Another scam that is increasingly prevalent is online shopping scams. Cybercriminals set up fake websites or auction listings to lure unsuspecting shoppers into making purchases for goods that don’t exist, are counterfeit, or are of far lower quality than what is advertised. I have to admit, that even I have fallen for on-line shopping scams, thinking I was getting a one-time great deal on a product, only to later find out it was a scam. Be cautious when making online purchases, stick to well-known retailers, and read reviews before buying from new or unfamiliar sources. It’s important to note that the sites set up by these scammers are very convincing and often use actual logos from well-known brands and are loaded with fake testimonials or reviews. If the deal seems too good to be true, it probably is!
In tech support scams, fraudsters impersonate reputable companies’ support staff, claiming that your computer is infected with malware or experiencing technical issues. They then charge you for unnecessary services or gain remote access to your system to steal sensitive information. Always verify the legitimacy of a support call or message by independently contacting the company using their official contact information, not the information included in an email or text message.
Unfortunately, there are many other types of cyber fraud tactics and scams that exist. We suggest consumers stay informed about the various types of scams being used. Knowledge can be your most potent weapon against cybercriminals.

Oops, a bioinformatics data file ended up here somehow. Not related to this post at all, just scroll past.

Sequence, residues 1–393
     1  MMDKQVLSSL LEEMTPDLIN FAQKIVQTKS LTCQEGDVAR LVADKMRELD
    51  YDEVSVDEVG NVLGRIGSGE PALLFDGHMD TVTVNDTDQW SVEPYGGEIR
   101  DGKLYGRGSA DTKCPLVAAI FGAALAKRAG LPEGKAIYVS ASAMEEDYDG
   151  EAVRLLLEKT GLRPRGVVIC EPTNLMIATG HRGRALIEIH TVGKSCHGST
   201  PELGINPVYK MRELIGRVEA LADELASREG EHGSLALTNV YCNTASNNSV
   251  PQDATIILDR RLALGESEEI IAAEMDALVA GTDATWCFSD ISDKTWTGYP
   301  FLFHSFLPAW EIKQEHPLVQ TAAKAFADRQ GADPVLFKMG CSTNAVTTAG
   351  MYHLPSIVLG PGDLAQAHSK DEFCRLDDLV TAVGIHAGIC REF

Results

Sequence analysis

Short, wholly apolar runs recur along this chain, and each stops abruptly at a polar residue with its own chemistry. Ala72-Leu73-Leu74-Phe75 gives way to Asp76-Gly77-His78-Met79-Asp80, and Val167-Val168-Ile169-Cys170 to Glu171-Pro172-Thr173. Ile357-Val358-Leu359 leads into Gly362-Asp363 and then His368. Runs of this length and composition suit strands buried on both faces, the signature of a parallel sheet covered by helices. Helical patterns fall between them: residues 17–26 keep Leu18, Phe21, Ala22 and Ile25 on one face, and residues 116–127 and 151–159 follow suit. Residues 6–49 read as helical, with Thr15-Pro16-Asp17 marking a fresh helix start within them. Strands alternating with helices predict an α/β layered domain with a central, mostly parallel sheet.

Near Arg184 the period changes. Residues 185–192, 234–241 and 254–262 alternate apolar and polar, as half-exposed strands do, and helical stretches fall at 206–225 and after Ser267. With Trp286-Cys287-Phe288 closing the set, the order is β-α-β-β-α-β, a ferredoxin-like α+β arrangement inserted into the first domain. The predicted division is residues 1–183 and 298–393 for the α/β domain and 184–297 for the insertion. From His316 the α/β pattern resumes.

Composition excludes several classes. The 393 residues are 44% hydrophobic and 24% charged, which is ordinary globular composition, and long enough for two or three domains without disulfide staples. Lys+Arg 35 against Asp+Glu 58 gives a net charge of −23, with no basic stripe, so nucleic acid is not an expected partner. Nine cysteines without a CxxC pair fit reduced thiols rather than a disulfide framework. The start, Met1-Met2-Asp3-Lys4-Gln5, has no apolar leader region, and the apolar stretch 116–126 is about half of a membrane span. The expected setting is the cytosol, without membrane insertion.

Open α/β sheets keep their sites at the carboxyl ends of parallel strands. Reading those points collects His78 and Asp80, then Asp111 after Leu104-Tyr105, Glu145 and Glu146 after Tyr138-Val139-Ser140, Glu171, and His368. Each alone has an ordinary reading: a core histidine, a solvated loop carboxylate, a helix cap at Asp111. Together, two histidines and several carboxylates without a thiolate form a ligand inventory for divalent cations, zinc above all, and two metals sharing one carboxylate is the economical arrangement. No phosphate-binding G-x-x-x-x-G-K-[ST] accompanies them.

What to Do When Suspicious Activity is Detected
If you suspect that you’ve encountered suspicious activity or fallen victim to cyber fraud, here are some steps to take:
- Disconnect and Secure Your Accounts: If you suspect your accounts have been compromised, change your passwords immediately. Log out of all accounts and run a security scan on your devices to ensure they are free from malware.
- Report the Incident: Inform the relevant authorities, such as your bank, credit card company, or local law enforcement, about the cyber fraud incident. They can help you take the necessary steps to mitigate any potential damage. A useful resource is https://reportfraud.ftc.gov/#/
- Keep Records: Document all correspondence related to the incident, including emails, phone calls, and any evidence you may have. This will be valuable when reporting the issue to the authorities.
- Credit Monitoring: If you believe your personal information has been compromised, consider enrolling in a credit monitoring service to watch for any unauthorized activity.
- Learn from the Experience: Use the incident as a learning opportunity to enhance your cybersecurity knowledge and protect yourself from future attacks. Educate yourself about common cyber fraud tactics and stay updated on the latest threats.
In conclusion, cyber fraud is a pervasive threat that can affect anyone. Understanding the common types of cyber fraud, recognizing suspicious activity, and knowing how to respond when an incident occurs is crucial for safeguarding your digital world. By staying vigilant, following best practices for online security, and promptly reporting any suspicious activity, you can protect yourself from falling victim to cyber fraud and maintain your online safety.